• North Shore Barbell

10 Questions with Jason Clarke

Updated: Mar 5

10 questions is a blog series hosted by North Shore Barbell aimed at giving exposure to some of New Zealand's top powerlifters & coaches.

Jason is one of New Zealand's most well-known powerlifting coaches and works with a number of the countries top lifters both in person at North Shore Barbell and online through his coaching service Precise Powerlifting Systems. As well as this, Jason is an active competitor in the 93kg class and works on the Auckland Powerlifting Association committee, helping put together competitions throughout the Auckland region.

Best lifts in competition:

222.5kg Squat / 155kg Bench / 290kg Deadlift | 667.5kg Total at 92.4kg

Tell us a bit about yourself

Kia Ora, my name is Jason Clarke, I'm 28 years old and reside in Auckland and always have. When life hasn't been turned upside down by a global pandemic I spend my days facilitating North Shore Barbell as one of the co-owners and coaching powerlifters online through Precise Powerlifting Systems, which essentially consists of me talking to myself/my computer for 6-8 hours a day.

How did you start lifting weights, at what age and why?

I started lifting in a gym at the age of 15 (13 years-ish ago) in order to gain some muscle and strength to perform better on the rugby field. Although the first few years of going to the gym were just random non-sensical training sessions it did bring me to the realisation that I enjoyed what I was doing in the gym far more than playing Rugby. Albeit maybe not the best training regime for some of the earlier years, I have pretty much gone to the gym 3-4x per week ever since I joined, with maybe a few months off here and there.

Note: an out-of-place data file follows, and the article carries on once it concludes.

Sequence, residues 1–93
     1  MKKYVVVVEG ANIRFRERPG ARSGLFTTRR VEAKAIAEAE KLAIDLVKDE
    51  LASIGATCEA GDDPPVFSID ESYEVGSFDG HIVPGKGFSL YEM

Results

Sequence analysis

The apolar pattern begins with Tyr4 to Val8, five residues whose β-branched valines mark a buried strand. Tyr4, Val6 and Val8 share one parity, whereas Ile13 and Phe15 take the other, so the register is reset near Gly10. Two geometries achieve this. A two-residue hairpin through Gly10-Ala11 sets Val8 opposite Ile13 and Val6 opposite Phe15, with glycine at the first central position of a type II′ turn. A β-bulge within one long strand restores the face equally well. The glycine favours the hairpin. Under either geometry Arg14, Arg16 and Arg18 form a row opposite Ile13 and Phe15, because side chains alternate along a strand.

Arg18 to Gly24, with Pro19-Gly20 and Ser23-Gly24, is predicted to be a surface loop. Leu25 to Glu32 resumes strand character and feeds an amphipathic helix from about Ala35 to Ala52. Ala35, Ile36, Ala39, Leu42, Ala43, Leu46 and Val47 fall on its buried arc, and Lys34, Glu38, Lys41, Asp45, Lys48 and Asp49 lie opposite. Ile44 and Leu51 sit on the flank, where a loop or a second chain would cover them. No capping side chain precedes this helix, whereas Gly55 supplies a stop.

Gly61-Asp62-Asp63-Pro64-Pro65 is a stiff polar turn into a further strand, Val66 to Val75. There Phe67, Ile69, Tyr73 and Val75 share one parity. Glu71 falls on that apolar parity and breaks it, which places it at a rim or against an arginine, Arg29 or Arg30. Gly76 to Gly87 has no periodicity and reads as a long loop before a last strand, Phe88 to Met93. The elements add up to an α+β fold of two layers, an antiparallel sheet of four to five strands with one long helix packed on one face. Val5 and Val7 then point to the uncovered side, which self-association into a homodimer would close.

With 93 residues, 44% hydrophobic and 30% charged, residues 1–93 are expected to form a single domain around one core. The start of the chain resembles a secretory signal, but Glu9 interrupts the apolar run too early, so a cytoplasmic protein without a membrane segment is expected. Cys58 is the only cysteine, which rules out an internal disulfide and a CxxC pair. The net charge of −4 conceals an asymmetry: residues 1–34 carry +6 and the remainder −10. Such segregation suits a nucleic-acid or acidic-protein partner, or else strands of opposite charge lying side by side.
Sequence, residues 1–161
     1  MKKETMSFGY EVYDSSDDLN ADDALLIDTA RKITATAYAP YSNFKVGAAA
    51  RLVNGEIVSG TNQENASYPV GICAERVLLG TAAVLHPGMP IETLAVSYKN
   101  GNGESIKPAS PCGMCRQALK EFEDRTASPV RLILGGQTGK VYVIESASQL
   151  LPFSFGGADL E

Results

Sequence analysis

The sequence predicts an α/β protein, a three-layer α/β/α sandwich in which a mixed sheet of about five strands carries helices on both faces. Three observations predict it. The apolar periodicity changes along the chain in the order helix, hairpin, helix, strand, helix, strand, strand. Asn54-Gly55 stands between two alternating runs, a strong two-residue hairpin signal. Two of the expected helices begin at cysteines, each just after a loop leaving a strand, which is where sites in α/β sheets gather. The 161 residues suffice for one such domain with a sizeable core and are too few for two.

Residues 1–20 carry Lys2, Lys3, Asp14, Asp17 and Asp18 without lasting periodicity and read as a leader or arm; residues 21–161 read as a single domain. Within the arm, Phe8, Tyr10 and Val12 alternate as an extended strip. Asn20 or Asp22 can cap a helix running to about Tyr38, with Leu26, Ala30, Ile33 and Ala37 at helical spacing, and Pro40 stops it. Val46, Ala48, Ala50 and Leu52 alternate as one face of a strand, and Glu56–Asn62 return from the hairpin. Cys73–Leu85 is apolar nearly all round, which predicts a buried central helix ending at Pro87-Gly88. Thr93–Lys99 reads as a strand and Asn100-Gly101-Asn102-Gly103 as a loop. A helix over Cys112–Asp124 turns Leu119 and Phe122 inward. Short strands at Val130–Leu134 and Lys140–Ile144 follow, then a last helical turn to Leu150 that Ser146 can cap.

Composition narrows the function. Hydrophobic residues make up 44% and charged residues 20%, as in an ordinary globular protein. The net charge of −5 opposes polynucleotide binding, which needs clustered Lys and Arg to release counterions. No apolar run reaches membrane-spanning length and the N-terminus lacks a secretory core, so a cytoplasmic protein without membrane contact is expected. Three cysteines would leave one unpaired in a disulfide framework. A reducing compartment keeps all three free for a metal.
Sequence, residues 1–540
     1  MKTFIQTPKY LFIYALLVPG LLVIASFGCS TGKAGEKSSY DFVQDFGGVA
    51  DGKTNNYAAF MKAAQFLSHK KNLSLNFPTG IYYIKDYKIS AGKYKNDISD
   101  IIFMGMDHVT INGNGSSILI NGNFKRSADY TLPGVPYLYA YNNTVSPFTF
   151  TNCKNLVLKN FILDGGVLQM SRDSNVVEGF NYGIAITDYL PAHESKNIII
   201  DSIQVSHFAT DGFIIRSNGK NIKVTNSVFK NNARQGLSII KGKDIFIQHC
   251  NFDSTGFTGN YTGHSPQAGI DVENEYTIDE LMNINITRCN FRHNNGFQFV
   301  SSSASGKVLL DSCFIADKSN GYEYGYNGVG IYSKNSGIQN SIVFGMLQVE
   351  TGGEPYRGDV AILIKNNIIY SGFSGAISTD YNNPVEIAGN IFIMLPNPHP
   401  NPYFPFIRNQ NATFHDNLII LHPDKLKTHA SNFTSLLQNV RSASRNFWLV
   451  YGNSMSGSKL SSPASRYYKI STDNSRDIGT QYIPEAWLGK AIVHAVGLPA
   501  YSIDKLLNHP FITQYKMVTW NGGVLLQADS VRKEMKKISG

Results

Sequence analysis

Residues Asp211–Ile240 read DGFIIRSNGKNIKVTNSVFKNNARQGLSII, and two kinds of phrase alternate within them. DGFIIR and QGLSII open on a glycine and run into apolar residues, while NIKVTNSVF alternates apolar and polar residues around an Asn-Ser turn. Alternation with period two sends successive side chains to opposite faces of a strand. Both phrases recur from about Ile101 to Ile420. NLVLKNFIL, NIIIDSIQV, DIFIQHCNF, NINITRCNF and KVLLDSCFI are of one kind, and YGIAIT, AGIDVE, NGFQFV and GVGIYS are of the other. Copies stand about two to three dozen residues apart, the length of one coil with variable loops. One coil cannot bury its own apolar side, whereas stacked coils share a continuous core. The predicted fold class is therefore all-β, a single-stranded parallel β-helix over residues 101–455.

What drew you to Powerlifting specifically?

Funnily enough from my early exposures (west side etc.) I had always thought powerlifting seemed a little bit egotistical and overly dramatic until in ~2013 I read a copy of 5/3/1 which was left in the staff room of a gym I was working at. Initially I was a little sceptical of undertaking the programme but I had gotten a little sick of training for aesthetics so I though "fuck it, I'll give it a shot". I really enjoyed the way that 5/3/1 was structured in the sense you were essentially competing against your prior weeks rep work to best your E1RM, which was more than doable as a beginner.

From there, the objective nature of the sport and clear progressions/regression of strength have been what has kept me in powerlifting. Additionally striving for "optimal" technical proficiency is something I believe has kept me looking forward to each session with things to work on, albeit to my detriment at times. The community is definitely something that draws me to the sport and makes it more enjoyable, however, I think I would still train for powerlifting even if the community didn't exist.